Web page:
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Innovative San Francisco Class B airspace to go live

The new design of San Francisco’s Class B airspace bears little resemblance to your parents’ Class B airspace, and it doesn’t look anything like your grandparents’ terminal control areas, a forerunner of airspace designated by letters.

Graphic depicting new Class B shown in blue overlaid on existing Class B shown in yellow with Mode C Veil shown in red.

Times are changing, as a glance at a sectional chart reveals. The modern airspace layout was designed to contain arrivals and departures to and from San Francisco International Airport’s Class B airspace without gobbling up airspace usable by other aircraft any more than necessary.

That’s a philosophy AOPA can sign on to, and the final configuration, published June 8 and effective Aug. 16, makes some important concessions to general aviation, which provided detailed input during a three-year review process, said Rune Duke, AOPA senior director of airspace and air traffic.

“AOPA supports many aspects of the plan as a member of the San Francisco Class B Ad Hoc Committee convened by the FAA in 2015 to provide recommendations from aviation stakeholders,” he said.

As AOPA reported in January, the association also provided independent suggestions to improve both the design of the airspace and the design process.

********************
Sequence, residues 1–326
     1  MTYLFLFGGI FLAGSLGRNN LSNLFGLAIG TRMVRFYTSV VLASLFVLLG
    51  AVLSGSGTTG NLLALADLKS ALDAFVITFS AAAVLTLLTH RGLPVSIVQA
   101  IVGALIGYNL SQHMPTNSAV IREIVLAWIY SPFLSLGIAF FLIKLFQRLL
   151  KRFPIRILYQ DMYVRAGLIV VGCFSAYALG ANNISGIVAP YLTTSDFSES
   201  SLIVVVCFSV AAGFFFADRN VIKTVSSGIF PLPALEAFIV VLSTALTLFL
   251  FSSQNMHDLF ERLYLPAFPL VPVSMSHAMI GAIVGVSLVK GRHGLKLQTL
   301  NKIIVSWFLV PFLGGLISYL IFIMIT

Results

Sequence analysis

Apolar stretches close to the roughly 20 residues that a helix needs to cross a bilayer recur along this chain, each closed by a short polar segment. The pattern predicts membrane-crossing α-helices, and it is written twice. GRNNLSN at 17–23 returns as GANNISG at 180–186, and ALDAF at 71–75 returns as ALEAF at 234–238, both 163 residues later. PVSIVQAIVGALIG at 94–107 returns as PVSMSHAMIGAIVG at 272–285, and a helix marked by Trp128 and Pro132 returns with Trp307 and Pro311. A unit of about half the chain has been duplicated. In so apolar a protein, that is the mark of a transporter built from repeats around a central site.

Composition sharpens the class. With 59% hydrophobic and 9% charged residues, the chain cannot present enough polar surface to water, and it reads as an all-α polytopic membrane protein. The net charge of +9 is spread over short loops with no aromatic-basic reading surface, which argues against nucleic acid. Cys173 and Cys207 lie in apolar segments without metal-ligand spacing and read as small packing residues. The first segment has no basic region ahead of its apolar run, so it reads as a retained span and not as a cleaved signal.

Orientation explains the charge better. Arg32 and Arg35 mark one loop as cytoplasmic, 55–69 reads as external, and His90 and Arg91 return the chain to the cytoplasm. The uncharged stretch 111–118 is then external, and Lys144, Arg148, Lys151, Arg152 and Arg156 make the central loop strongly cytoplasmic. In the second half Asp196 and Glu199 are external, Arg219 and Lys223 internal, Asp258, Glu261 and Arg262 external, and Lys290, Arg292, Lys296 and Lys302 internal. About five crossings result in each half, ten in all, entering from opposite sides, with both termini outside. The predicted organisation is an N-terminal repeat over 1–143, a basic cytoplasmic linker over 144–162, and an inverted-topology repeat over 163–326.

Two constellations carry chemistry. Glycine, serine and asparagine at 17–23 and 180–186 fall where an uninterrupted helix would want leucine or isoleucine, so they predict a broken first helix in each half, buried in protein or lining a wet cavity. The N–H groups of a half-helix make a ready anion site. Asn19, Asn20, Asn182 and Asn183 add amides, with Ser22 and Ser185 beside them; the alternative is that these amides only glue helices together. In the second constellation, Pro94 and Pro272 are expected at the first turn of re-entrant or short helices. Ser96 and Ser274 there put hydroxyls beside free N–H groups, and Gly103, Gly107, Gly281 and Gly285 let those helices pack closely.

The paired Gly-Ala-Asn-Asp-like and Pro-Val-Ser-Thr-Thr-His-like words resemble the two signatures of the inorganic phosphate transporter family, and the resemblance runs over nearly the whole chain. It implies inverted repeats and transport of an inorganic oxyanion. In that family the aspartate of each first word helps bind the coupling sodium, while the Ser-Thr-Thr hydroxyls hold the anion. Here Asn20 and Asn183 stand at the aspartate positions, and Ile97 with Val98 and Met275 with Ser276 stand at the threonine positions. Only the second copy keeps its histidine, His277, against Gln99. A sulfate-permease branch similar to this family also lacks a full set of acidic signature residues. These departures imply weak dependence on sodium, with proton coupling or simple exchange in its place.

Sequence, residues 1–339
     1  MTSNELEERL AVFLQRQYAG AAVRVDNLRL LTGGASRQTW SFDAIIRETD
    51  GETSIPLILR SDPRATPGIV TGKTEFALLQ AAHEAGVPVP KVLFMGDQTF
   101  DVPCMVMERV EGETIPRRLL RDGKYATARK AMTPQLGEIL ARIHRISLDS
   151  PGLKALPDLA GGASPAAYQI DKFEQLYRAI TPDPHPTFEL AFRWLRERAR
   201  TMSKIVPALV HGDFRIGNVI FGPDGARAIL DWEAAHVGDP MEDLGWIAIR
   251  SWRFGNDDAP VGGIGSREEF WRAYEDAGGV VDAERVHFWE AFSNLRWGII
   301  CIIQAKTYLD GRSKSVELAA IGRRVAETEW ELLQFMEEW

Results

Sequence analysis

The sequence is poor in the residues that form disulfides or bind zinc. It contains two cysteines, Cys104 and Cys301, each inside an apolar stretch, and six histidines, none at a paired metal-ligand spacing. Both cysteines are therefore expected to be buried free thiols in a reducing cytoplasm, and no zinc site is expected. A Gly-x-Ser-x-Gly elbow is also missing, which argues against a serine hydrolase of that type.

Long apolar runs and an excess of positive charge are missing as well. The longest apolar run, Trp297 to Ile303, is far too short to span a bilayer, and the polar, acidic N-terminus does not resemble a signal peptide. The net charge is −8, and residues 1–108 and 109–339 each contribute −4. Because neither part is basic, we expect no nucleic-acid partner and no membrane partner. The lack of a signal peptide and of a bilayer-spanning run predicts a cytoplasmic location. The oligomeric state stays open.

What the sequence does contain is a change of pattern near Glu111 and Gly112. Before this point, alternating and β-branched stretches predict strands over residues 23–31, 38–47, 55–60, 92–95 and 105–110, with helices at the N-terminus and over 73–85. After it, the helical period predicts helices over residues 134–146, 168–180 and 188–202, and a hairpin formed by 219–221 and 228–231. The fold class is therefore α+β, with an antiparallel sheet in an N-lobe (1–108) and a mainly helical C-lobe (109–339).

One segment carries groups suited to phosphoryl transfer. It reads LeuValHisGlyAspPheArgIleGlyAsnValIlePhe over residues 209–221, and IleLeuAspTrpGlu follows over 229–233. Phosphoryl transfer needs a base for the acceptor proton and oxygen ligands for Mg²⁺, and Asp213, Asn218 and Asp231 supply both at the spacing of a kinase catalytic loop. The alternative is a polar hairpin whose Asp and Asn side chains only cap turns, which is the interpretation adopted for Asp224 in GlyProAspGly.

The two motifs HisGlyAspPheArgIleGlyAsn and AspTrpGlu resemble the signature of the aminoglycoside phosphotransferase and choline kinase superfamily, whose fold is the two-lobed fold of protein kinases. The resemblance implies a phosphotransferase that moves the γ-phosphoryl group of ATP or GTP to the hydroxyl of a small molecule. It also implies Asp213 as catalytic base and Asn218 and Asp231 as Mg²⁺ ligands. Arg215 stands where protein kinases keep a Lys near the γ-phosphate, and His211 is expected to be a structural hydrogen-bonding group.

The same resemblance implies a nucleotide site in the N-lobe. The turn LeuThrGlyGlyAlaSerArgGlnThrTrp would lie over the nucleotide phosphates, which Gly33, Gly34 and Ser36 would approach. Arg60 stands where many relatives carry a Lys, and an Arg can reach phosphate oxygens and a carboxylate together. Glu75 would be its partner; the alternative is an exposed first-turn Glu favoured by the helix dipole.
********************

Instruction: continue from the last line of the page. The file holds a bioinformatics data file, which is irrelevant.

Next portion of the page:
The FAA took those suggestions into account in the final airspace configuration by lifting the Class B floor from the proposed 2,100 feet msl to 2,300 feet in the vicinity of Palo Alto and San Carlos airports to the southeast. The change “should provide additional VFR maneuvering room” beneath terminal arrivals, Duke said.

Another modification of the final rule to which the FAA agreed was to increase a Class B segment’s floor from 1,400 feet msl to 1,500 feet to help pilots making a right crosswind departure from Runway 30 at San Carlos avoid an inadvertent airspace incursion, and for added safety during overwater flight.

The Class B airspace extends to a considerable distance over water, where AOPA had proposed lowering the Class B ceiling from 10,000 feet msl to 7,000 feet. That was a suggestion that the FAA did not buy into, “given the amount of vectoring that occurs in the area,” Duke said, crediting the FAA with carefully considering the change and working collaboratively with stakeholders on the overall airspace redesign.

“We believe this final airspace design will meet the need of VFR and IFR users in the Bay Area, and increase the efficiency and safety of the airspace,” he said.

Dan Namowitz

Dan Namowitz

Dan Namowitz has been writing for AOPA in a variety of capacities since 1991. He has been a flight instructor since 1990 and is a 35-year AOPA member.
Topics: Advocacy, Airspace Redesign

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